Bioethics Discussion Blog: Satire of Doctors and Medicine: An Appropriate Therapeutic Potion?

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Friday, May 06, 2005

Satire of Doctors and Medicine: An Appropriate Therapeutic Potion?

I think that the medical profession is deserving of satire. Doctors are looked to for help with personal illness. Any personal illness is loaded with uncertainty even if it is more or less trivial. "Can I get over this cough to go the the concert tomorrow?" "Does this runny nose mean I am going to have a permanent allergy?" "What does this cough and runny nose mean? Do I have pneumonia?" And with these concerns and even more deadly questions including those regarding death itself, we go to the doctor for that help we need. But the doctor is still a mysterious entity even and perhaps even moreso in this age of consumerism. Consumers no long take the physician for granted as they did over 50 years ago. Do we all know who can become a doctor? What does it take to become a doctor? Do doctors follow any rules? Do they have ethics? What are the ethics? Are they trained for "bedside manner"? How do they make their money? Do they order things or schedule repeat visits to make more money? What is the doctor thinking about when the doctor asks those personal questions or examines me? Are they interested in me or some other interest? ..and so on.

Satire (the use of ridicule, sarcasm, irony, etc. to expose, attack, or deride vices, follies, etc.) is a way to nervously express the uncertainties one faces when confronted with a personal illness and their personal physician. I have found a great article on medical satire in the British Medical Journal 1994;309:1714-1718 (24 December)titled "Dr Doubledose: a taste of one's own medicine" by Roy Porter. (Note: the link to the full article may be available only to those who subscribe or who have institutional library permission.)

As an example, from the article, of the concerns of those in the 18th century when "doctors were taunted with caring only for their fees" is the satiric verse of 1714 by Bernard Mandeville, himself a practitioner within "The Fable of the Bees".

"Physicians valued Fame and Wealth
Above the drooping Patient's Health,
Or their own Skill: The greatest Part
Study'd, instead of Rules of Art,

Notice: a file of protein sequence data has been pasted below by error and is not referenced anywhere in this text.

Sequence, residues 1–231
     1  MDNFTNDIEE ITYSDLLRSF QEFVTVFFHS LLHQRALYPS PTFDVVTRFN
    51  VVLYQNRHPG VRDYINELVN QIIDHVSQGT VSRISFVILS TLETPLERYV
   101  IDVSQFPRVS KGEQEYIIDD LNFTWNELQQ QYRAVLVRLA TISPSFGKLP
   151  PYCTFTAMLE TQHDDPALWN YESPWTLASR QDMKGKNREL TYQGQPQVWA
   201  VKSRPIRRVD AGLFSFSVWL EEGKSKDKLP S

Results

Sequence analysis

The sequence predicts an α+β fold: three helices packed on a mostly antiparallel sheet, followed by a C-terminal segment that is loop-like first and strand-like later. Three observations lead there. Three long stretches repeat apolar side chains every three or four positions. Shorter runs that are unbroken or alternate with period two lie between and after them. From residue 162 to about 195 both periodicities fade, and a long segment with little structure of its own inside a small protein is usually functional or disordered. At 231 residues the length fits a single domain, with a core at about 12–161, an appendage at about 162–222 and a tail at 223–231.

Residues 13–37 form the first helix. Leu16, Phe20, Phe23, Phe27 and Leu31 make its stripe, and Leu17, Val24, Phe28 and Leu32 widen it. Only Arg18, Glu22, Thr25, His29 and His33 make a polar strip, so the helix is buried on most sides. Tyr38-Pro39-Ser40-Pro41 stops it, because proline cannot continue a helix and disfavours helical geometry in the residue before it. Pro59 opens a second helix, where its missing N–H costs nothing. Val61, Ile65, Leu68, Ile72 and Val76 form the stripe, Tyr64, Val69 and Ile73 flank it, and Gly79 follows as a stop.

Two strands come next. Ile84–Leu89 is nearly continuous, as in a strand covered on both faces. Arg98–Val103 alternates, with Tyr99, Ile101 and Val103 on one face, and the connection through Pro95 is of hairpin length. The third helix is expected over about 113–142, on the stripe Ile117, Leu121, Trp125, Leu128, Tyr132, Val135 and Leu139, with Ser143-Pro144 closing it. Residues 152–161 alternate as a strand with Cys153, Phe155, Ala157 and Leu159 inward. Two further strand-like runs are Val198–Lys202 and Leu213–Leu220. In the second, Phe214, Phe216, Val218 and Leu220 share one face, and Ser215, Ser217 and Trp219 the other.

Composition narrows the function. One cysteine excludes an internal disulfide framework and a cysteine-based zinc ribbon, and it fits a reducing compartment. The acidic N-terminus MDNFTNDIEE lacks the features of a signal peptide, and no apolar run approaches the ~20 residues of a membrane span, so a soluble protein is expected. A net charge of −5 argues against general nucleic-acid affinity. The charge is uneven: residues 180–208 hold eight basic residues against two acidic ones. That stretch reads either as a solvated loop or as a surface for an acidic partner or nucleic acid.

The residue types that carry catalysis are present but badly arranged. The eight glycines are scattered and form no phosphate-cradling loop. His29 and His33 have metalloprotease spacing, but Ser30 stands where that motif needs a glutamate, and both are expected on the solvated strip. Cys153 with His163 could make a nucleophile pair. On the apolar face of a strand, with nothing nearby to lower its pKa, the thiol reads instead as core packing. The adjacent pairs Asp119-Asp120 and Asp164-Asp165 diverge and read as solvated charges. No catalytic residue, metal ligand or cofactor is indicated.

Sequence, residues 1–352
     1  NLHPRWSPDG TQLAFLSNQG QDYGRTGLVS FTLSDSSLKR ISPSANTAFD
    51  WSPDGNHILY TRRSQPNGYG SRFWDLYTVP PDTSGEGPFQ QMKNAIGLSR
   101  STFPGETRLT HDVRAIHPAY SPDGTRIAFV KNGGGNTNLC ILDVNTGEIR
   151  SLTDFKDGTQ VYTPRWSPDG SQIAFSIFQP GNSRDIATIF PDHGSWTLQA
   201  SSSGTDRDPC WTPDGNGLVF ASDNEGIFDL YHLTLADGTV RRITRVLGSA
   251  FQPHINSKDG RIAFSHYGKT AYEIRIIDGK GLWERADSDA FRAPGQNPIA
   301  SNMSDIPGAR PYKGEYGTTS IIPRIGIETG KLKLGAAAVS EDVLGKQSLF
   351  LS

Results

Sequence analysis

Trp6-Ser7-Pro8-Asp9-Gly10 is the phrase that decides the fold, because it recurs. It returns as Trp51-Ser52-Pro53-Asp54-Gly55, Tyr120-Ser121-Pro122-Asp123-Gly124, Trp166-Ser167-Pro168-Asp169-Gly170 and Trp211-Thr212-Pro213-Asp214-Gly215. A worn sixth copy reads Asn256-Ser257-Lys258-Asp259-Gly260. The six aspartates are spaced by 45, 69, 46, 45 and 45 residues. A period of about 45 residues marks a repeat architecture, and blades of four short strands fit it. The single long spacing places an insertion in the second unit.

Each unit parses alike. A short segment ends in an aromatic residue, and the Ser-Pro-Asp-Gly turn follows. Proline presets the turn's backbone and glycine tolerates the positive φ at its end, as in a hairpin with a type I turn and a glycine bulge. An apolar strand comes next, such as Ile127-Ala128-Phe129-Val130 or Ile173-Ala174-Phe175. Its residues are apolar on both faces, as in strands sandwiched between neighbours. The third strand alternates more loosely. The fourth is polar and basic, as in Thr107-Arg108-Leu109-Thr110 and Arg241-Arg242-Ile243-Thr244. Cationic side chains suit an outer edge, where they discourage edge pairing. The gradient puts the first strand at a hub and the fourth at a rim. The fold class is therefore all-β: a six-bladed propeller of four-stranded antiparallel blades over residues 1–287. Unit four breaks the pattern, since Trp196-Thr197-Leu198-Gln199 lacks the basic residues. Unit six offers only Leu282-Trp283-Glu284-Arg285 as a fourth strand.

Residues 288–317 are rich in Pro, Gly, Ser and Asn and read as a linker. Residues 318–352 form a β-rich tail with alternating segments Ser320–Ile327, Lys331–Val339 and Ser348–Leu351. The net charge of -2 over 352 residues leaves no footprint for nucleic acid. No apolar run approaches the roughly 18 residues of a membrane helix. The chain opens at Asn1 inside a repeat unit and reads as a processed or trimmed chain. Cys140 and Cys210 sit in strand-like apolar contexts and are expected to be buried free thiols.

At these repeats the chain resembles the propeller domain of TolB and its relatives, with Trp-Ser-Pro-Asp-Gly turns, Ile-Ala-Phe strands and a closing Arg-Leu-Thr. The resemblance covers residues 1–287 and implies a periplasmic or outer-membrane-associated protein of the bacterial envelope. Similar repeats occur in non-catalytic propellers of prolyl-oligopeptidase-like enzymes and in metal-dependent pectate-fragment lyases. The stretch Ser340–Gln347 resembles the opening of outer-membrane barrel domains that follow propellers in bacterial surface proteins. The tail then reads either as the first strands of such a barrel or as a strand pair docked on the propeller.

Gave pensive Looks, and dull Behaviour;
To gain th' Apothecary's Favour,
The Praise of Mid-wives, Priests and all,
That served at Birth, or Funeral."

Another example of satire of doctors is in the "The New Yorker Book of Doctor *(*and psychiatrist) Cartoons" published by Alfred A. Knopf 2003. Actually, a number of the cartoons are literally a satire of patients since I guess as patients we also deserve a bit of mockery. What has all of this got to do with medical ethics? I think satire also reflects the ethical misbehavior of physicians or the misinformation about the ethics of the profession as received by patients. In either case, there is a need for improvement. In conclusion, it may be that writing and reading satire of doctors and medicine provides us all with a therapeutic potion for what concerns ails us when we get sick. What do you think? ..Maurice.

4 Comments:

At Saturday, May 07, 2005 7:26:00 AM, Blogger Dave Schuler said...

One of the greatest: Moliere's The Imaginary Invalid. Patients are dealt with, as well.

 
At Saturday, May 07, 2005 2:16:00 PM, Blogger Maurice Bernstein, M.D. said...

I agree. I am trying to get permission from the author of an adaptation of the "Invalid" to post some amusing excerpts. ..Maurice.

 
At Monday, May 09, 2005 5:35:00 AM, Anonymous Anonymous said...

One can find various satires on doctors from different literary periods, going at least as far back as Chaucer in accessible English. Other good ones include both "The Hypochondriac" and "The Doctor in Spite of Himself" by Moliere, who apparently hated doctors, much satire on doctors in
Trollope's Barchester novels, and
G.B. Shaw's "The Doctor's Dilemma"
(don't skip the preface). Evelyn Waugh's prison doctor in "Decline and Fall" and several medical characters in Graham Greene's novels bring some black humor to bear on corruption in medicine.

I have a brief conference text about satire on the professions (teachers and clergy as well) which I could provide if you are interested and I can negotiate transmission by computer. It's on disk and not set up to be forwarded in a single step.

wcashore@wihri.org

 
At Monday, May 09, 2005 5:57:00 PM, Blogger Maurice Bernstein, M.D. said...

I have put up today 5-9-05 an excerpt of the English adaptation of Moliere's "The Imaginary Invalid" on this blog (with permission of Timothy Mooney, the adaptor). I would be most interested in having wcashore@wihri.org write some philosophical musings as to the reason or need for satirical material to be written for the professions and medicine in particular. Other visitors can write too. I will put them up as a regular post. ..Maurice.

 

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